Just over 100 years ago, a beautiful tradition was launched in Forest Park. It was the creation of a living, breathing memorial to 70 young men from Woodhaven who lost their lives in World War I.
Although our country’s time in the war was brief, we suffered many casualties and Woodhaven was hit very hard. Week after week, the front page of the Leader-Observer announced the names of the newly dead and wounded.
It was a dramatic turnaround from the early days of our involvement in the war, when the newspapers and the public were quite enthusiastic, sending our young men off with rousing cheers and festive parades.
In the days and months after the war ended, residents of Woodhaven wanted to create a unique monument to the young men whose lives were lost. The idea they finally settled upon was original indeed, and the press stated that it was the first of its kind in the United States.
In May of 1919, 53 trees were planted along the road entering Forest Park at Park Lane South and Forest Parkway, each to honor a soldier that perished. Over time, as more names were added to the Honor Roll, the number of trees grew to approximately 70.
And every Decoration Day (as Memorial Day was originally known), families would gather in Forest Park and decorate the memorial trees. A large granite monument with a plaque listing the names of the dead was erected atop that hill, across from the golf clubhouse.
The residents of Woodhaven referred to that hill as Memorial Knoll, and the annual parade would end there among the memorial trees.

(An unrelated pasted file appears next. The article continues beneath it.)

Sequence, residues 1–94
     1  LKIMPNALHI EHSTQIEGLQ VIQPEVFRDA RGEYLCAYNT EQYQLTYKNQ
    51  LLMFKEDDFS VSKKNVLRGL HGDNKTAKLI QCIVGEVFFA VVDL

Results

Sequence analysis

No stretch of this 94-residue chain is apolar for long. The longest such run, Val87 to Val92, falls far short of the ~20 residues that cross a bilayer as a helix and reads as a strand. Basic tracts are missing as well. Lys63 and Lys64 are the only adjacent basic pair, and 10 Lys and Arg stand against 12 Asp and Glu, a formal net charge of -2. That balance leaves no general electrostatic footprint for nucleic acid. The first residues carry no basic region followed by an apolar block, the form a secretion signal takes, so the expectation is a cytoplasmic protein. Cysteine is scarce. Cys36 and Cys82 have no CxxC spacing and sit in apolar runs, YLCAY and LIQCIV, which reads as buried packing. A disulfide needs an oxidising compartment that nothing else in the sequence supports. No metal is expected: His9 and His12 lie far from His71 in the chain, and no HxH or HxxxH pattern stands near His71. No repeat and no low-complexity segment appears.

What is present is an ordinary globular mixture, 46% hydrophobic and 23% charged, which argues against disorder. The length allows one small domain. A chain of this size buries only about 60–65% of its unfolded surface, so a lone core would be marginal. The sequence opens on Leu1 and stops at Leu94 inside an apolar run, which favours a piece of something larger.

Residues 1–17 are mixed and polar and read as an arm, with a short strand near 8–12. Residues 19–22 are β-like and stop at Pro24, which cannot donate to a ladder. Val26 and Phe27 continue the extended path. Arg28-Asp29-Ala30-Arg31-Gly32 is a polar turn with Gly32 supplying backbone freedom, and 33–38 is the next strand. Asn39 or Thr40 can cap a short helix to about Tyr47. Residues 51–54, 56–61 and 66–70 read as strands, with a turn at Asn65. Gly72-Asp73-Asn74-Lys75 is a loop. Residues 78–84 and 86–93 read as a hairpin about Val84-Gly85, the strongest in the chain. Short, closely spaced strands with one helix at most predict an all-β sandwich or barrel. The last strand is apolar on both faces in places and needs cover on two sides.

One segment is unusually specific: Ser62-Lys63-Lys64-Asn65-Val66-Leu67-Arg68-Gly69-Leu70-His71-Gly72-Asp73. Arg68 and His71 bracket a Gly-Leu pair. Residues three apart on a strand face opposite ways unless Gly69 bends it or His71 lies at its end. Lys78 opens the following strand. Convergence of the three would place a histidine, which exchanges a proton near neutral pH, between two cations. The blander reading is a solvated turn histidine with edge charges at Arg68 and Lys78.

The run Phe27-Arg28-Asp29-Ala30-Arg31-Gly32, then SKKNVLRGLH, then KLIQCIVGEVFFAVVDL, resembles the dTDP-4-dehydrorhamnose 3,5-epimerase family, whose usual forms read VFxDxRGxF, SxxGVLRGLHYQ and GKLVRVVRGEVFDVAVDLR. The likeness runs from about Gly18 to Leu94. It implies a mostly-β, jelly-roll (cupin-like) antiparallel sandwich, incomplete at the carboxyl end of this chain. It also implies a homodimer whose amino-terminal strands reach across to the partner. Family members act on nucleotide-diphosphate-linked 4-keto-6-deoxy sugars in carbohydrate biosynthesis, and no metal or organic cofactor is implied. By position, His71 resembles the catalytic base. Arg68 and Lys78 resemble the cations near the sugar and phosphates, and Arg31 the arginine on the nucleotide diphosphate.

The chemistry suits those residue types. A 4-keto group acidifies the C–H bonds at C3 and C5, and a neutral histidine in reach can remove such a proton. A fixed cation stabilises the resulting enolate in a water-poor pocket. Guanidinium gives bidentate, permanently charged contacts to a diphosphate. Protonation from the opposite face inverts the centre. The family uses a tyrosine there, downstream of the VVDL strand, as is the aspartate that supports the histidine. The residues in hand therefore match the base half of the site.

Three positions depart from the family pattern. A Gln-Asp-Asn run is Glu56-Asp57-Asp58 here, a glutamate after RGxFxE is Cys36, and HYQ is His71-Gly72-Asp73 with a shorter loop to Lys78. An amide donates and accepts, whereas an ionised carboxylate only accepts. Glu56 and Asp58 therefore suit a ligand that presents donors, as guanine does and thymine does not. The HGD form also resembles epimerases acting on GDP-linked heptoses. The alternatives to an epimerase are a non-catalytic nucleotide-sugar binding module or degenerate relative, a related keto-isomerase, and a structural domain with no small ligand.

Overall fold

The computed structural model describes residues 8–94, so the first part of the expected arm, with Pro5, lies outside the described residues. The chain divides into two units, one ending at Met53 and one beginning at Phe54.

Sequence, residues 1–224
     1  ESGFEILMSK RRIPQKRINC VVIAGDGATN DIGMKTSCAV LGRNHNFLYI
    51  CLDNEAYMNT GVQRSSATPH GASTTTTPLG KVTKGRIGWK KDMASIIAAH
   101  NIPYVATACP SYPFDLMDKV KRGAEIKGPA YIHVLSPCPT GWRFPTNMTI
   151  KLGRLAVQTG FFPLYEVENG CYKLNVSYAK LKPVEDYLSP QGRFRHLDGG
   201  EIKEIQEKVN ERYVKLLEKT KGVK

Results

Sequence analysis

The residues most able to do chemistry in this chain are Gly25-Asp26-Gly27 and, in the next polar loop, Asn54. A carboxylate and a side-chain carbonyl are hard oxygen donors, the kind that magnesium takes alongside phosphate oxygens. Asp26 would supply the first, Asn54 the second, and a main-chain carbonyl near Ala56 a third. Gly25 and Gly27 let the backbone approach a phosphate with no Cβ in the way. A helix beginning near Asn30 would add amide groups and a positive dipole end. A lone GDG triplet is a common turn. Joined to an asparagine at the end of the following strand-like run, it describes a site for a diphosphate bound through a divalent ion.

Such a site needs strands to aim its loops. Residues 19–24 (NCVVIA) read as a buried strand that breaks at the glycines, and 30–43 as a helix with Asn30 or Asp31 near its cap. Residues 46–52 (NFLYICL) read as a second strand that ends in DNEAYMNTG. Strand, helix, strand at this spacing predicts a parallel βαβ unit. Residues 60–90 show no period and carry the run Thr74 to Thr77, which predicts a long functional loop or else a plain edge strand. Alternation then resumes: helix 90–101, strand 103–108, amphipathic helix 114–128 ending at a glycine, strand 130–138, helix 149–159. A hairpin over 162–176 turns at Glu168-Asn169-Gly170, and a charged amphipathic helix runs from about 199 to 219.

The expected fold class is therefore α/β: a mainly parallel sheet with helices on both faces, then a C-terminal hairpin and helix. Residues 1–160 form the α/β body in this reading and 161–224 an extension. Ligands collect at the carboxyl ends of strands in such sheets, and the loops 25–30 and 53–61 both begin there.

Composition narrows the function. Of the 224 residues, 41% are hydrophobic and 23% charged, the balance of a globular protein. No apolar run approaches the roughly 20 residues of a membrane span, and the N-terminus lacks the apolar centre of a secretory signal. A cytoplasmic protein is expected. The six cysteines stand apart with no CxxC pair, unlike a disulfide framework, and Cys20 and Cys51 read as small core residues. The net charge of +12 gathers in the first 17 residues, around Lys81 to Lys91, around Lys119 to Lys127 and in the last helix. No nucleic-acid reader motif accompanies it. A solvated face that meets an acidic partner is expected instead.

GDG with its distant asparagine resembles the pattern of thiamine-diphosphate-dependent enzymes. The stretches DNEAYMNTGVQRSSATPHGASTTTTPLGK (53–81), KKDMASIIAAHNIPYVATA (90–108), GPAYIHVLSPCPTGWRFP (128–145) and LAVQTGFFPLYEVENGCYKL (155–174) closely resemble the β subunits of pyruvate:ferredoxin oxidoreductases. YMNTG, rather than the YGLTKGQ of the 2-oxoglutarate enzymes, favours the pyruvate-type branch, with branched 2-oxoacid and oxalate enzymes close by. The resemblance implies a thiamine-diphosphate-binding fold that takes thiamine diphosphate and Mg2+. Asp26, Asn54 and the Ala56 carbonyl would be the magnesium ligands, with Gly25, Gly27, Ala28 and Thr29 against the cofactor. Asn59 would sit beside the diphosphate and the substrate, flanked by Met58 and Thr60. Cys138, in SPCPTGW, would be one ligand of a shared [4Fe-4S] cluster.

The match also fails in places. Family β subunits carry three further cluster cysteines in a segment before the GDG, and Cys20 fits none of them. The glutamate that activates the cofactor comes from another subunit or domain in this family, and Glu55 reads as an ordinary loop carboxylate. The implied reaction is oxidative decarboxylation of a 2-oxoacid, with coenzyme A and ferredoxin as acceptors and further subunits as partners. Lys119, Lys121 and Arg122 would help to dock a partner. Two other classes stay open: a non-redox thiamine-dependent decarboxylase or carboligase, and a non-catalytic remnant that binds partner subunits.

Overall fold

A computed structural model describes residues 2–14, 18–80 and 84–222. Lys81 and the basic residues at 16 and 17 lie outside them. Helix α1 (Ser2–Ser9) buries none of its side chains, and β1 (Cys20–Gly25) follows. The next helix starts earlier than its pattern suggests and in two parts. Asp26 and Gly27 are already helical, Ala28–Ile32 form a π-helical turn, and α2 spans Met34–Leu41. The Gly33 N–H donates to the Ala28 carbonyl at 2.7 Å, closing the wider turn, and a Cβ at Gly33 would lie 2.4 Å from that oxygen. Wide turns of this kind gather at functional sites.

Chairs would be set out on the lawn in front of the clubhouse and hundreds and hundreds of veterans, family members and residents would march up that hill to pay tribute to the dead.
According to reports in the Leader-Observer, veterans from the Civil War marched up that hill and took part in ceremonies.
It was a beautiful tradition that faded away due to a series of events triggered by the widening of Woodhaven Boulevard in the late 1930s and early 1940s.
The American Legion headquarters sat on the old Woodhaven Avenue, and it had to be torn down to make way for the ten-lane Woodhaven Boulevard.
The city reimbursed the Legion and they built a new headquarters at 88th Avenue and 91st Street behind PS 60, where it sits today.
And since they had a nice new building with a lovely front yard, they decided to move the monument from Forest Park to its current location. If you’ve ever been to a WRBA meeting or at the senior center, then you’ve seen this monument. It’s still there, listing the names of these young heroes.
But once the monument was moved the parade route was switched, and as families moved away or died off or just plain forgot, the tradition of decorating the trees disappeared.
But the trees are still there.
Sure enough, time has been harsh to the trees and many of them have fallen, but quite a few of these trees have passed the century mark. They still stand proudly on Memorial Knoll high above Woodhaven.
The Woodhaven Cultural & Historical Society and American Legion Post 118 worked together to revive the tradition of decorating the trees in 2015. They have been decorated every Memorial Day since then.
It’s a beautiful walk, and as the road from the bandshell to Oak Ridge is still currently closed to vehicular traffic, it’s a walk that can really be savored and enjoyed.
If you’re going to get out and walk in the park any time soon, please consider making Memorial Knoll a part of your route.